The Seattle Sounders are dangerous.
How dangerous? 65 goals in 2014 dangerous. Second-best-in-MLS dangerous, that is.
Also, 12-4-1 at home dangerous, including 11-2-1 after the month of March.
What was peculiar about the Sounders’ 2014 campaign, however, is that only 31 of Seattle’s 65 goals came at CenturyLink Field. But stunningly, a Seattle defense that conceded an only-better-than-Colorado 34 goals away from home allowed only 16 in Seattle.
Why? The Sounders are the best counterattacking team in MLS, and visitors to CenturyLink Field were so certain that Seattle would beat them on the counter if the away side committed any numbers to the attack that instead they chose to sit back and make sure they don’t allow spaces in behind.
This also explains why Seattle scored a league-best-by-a-mile 34 goals outside the Emerald City in 2014. Playing at home, Sounders’ opponents would feel like they have to attack. And then Seattle would counter to devastating effect.
So the Portland Timbers will commit numbers on Sunday at their peril. Which means, as a practical matter, that the Timbers are probably going to have to create offense without much help from their fullbacks and defensive midfielders, and are likely to face a lot of situations where they have numerical disadvantages in the attack.
For some teams, this is a death sentence. If they can’t get numbers forward, they can’t create space and, therefore, can’t generate chances.
The Timbers, however, aren’t really one of those teams. In fact, without Will Johnson and Diego Valeri, for much of 2015 the Timbers have been generating offense with only four or, at times, five men committed to the attack. It hasn’t always been prolific (the Timbers’ 7 goals-for are firmly in the MLS peloton), but it’s been enough to keep Portland in games and scratching out at least subsistence results.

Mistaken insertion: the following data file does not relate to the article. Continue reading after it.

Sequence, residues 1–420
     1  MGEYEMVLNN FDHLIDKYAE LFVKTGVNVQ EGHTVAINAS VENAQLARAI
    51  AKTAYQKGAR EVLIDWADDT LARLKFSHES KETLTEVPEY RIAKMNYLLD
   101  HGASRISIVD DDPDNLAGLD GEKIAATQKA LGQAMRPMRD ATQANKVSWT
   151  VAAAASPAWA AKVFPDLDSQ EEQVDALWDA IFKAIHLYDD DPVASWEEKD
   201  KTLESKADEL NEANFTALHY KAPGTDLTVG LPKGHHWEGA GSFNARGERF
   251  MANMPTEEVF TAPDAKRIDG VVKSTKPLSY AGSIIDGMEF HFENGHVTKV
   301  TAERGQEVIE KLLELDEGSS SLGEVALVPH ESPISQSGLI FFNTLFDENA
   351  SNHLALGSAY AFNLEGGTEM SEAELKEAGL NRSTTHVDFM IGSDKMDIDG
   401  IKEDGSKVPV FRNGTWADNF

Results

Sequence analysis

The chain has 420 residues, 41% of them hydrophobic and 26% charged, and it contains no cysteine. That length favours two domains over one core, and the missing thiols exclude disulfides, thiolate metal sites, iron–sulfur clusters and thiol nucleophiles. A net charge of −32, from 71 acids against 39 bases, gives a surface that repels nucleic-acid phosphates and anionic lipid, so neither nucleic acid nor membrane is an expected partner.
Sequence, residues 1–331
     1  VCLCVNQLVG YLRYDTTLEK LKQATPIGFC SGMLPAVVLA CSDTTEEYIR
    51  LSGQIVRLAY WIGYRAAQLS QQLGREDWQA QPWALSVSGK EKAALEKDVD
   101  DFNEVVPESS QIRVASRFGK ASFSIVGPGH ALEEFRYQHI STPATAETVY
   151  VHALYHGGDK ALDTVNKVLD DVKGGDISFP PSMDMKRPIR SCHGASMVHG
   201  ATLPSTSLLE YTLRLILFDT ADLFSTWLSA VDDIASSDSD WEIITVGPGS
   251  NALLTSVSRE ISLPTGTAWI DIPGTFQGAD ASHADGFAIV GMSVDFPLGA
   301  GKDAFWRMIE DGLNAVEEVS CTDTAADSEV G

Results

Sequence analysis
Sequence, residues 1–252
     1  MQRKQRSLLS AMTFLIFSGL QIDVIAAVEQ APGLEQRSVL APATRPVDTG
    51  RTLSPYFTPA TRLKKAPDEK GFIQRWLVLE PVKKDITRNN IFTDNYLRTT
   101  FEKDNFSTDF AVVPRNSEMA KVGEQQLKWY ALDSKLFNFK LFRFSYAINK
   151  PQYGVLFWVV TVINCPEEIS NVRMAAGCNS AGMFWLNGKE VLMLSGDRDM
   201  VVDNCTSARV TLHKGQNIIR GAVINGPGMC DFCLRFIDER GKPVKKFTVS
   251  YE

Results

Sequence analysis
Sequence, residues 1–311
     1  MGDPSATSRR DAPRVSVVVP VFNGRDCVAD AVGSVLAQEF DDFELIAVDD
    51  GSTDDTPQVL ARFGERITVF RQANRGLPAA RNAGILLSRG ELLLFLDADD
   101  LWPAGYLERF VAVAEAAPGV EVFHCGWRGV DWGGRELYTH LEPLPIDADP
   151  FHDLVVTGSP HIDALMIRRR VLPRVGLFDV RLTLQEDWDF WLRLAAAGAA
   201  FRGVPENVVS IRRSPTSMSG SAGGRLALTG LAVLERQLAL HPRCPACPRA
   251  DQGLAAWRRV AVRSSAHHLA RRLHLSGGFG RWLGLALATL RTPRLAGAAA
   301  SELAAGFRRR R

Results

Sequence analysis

And the reason the Timbers have been able to attack this way is pretty much singular: Darlington Nagbe.
On some level, numbers are everything in the attack. Simply put, numbers equal space because numbers force reactions from defenders and allow others to step into any void. And, in the end, space equals chances.
Unless a team can find a way to create numbers across the field, they need to find a way to create numbers in pockets to allow for the space to create a good scoring chance. The latter is exactly what Darlington Nagbe does for the Timbers, something that was on display frequently in the second half against NYCFC.
We start with a sequence in the 51st minute in which Nagbe picks the ball up in a soft spot between the levels of NYCFC’s diamond midfield. Just off screen the meat of the NYCFC backline is ready and waiting for any Timbers runners that should arrive. This is clearly a circumstance in which the Timbers would like to go at NYCFC’s backline, but Portland doesn’t exactly have the numbers queued up to overwhelm NYCFC.
Now we see a little bit better view of the attacking landscape, and even with Chris Wingert stepping up from central defense to provide another body on Nagbe, the Citizens are more or less in fine shape. Javier Calle is tracking Dairon Asprilla, Jeb Brovsky has his eye on Ishmael Yartey, and Kwame Watson-Siriboe is more or less accounting for Adi in the space Wingert has vacated.
But Nagbe’s not done, and it’s going to take more than just Wingert to get the ball off the Timbers playmaker’s foot. Calle is the next to take a stab at dispossessing Nagbe, but despite Calle's more aggressive effort at winning the ball, he has little more success than those who have gone before him.